Bachelor's degree programs in occupational safety and health train students to evaluate workplaces with regards to safety violations, air quality and other potential hazards. Students become experts in recognizing dangers, determining risk and making recommendations to employers. A significant aspect of the job includes understanding safety and health laws and regulations. A bachelor's degree program is offered in both campus-based and distance learning (online) formats, in order to accommodate full-and part-time students. Graduates can pursue voluntary certification in the occupational safety and health field.
- Program Levels: Bachelor of Science Occupational Safety and Health
- Prerequisites: High school diploma or GED, with an emphasis on math and science
- Online Availability: Programs are available in distance learning (online) formats
Bachelor of Science in Occupational Safety and Health Overview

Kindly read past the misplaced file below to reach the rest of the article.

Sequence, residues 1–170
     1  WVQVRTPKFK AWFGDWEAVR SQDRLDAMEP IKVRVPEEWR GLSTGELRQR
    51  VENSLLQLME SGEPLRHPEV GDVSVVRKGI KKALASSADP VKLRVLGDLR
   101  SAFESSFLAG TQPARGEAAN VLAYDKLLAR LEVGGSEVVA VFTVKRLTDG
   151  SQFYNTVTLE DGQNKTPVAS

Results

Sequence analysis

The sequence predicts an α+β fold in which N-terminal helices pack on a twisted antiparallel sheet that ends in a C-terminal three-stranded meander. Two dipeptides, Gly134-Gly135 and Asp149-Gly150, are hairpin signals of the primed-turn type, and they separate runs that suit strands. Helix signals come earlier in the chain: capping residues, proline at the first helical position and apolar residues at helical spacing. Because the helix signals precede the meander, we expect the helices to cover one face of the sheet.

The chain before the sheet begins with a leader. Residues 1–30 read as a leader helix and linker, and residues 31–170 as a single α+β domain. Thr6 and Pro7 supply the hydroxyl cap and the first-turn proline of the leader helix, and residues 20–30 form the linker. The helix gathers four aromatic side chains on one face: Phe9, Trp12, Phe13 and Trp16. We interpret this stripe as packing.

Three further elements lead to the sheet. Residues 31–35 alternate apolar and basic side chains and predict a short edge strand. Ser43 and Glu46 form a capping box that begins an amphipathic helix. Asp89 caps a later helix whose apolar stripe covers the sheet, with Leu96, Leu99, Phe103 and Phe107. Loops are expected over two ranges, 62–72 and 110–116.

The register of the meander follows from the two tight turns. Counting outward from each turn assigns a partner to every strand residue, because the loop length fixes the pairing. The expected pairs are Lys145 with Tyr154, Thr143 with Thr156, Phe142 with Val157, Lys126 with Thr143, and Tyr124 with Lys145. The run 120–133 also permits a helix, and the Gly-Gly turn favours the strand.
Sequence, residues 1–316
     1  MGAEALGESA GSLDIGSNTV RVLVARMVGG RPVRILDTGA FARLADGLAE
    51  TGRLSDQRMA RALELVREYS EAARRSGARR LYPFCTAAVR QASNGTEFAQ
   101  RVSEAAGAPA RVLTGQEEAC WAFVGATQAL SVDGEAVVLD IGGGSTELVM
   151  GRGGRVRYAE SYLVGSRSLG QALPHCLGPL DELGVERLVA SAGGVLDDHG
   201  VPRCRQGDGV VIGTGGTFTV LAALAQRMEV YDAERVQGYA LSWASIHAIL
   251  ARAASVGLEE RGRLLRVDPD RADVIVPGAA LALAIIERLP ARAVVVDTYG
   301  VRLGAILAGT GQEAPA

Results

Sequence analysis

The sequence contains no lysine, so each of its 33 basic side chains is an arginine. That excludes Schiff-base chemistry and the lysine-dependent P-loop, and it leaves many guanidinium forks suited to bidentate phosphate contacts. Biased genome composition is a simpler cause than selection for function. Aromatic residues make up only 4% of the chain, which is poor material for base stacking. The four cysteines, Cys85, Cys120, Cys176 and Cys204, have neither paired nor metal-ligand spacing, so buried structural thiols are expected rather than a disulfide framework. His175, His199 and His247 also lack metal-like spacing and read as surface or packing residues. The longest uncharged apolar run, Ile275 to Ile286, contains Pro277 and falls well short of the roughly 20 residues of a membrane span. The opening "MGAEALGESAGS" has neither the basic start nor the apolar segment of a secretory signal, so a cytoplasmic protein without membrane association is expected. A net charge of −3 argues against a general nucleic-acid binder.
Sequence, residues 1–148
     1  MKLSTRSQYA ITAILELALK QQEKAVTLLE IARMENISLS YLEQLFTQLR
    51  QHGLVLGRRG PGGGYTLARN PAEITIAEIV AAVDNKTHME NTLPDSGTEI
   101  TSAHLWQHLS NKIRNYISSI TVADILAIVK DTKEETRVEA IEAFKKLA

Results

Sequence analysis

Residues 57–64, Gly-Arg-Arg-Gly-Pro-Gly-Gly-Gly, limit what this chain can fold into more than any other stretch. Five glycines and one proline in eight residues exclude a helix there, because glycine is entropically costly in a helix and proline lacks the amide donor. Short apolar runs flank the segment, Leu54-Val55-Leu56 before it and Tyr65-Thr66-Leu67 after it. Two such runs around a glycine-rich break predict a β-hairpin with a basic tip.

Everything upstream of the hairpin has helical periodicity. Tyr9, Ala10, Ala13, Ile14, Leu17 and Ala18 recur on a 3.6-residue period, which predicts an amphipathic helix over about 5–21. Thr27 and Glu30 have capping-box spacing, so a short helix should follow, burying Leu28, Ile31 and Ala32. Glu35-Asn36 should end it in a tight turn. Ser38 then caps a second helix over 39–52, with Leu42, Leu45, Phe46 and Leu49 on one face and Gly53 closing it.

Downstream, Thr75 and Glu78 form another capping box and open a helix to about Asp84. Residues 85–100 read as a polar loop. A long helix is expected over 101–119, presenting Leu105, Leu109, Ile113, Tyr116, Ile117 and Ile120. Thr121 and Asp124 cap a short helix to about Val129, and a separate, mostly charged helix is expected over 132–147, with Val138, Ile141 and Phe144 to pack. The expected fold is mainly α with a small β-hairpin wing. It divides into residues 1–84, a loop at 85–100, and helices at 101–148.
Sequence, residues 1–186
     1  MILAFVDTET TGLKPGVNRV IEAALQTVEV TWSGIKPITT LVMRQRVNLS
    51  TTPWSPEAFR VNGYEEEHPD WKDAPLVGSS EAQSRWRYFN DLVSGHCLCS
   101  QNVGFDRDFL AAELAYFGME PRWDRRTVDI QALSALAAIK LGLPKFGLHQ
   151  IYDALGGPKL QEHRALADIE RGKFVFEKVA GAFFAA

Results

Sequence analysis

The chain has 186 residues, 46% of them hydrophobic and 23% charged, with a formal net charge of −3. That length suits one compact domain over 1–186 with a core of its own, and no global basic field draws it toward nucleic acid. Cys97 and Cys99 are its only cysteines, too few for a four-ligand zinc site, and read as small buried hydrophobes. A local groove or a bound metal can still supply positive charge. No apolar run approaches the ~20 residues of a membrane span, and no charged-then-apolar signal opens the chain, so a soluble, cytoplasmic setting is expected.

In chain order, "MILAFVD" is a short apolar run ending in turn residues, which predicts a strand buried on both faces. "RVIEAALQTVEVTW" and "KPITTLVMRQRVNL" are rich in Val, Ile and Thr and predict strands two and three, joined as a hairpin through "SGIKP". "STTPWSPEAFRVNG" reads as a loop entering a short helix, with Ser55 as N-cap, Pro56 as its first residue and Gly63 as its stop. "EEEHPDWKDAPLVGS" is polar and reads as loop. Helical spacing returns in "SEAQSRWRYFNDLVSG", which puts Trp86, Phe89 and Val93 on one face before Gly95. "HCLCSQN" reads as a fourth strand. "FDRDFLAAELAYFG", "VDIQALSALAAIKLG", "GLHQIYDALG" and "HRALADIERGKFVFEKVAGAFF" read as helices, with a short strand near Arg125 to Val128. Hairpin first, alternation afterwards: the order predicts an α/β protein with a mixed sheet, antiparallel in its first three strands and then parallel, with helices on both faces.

These degrees involve an understanding of math and science. Applicants to bachelor's degree programs in occupational safety and health must possess a high school diploma with strong grades in these subject areas. An understanding of health and safety laws and regulations is an essential part of the job. These programs are offered in both on campus and distance learning, or online, formats and prepare students for a variety of careers involving potential hazards and hazardous situations. Common courses include but are not limited to the following:
- Hazardous materials management
- Fundamentals of ergonomics
- Principles of industrial hygiene
- Fire prevention practices
- Health and safety laws, environmental regulations
Employment Outlook and Salary Info
According to the U.S. Bureau of Labor Statistics, nearly 65,130 occupational safety and health specialists were employed in 2014 (www.bls.gov). Job growth between 2012 and 2022 was expected to be slower than average, with a 7% increase. As of May 2014, occupational safety and health specialists earned a mean annual salary of $70,470.
Continuing Education Information
Some employers require a master's degree in a field related to occupational health and safety, such as industrial hygiene, though most only require a bachelor's degree. Though credentialing in this field is optional, it is widely preferred by employers. Credentialing organizations include the American Board of Industrial Hygiene, the American Board of Health Physicists and the Board of Certified Safety Professionals.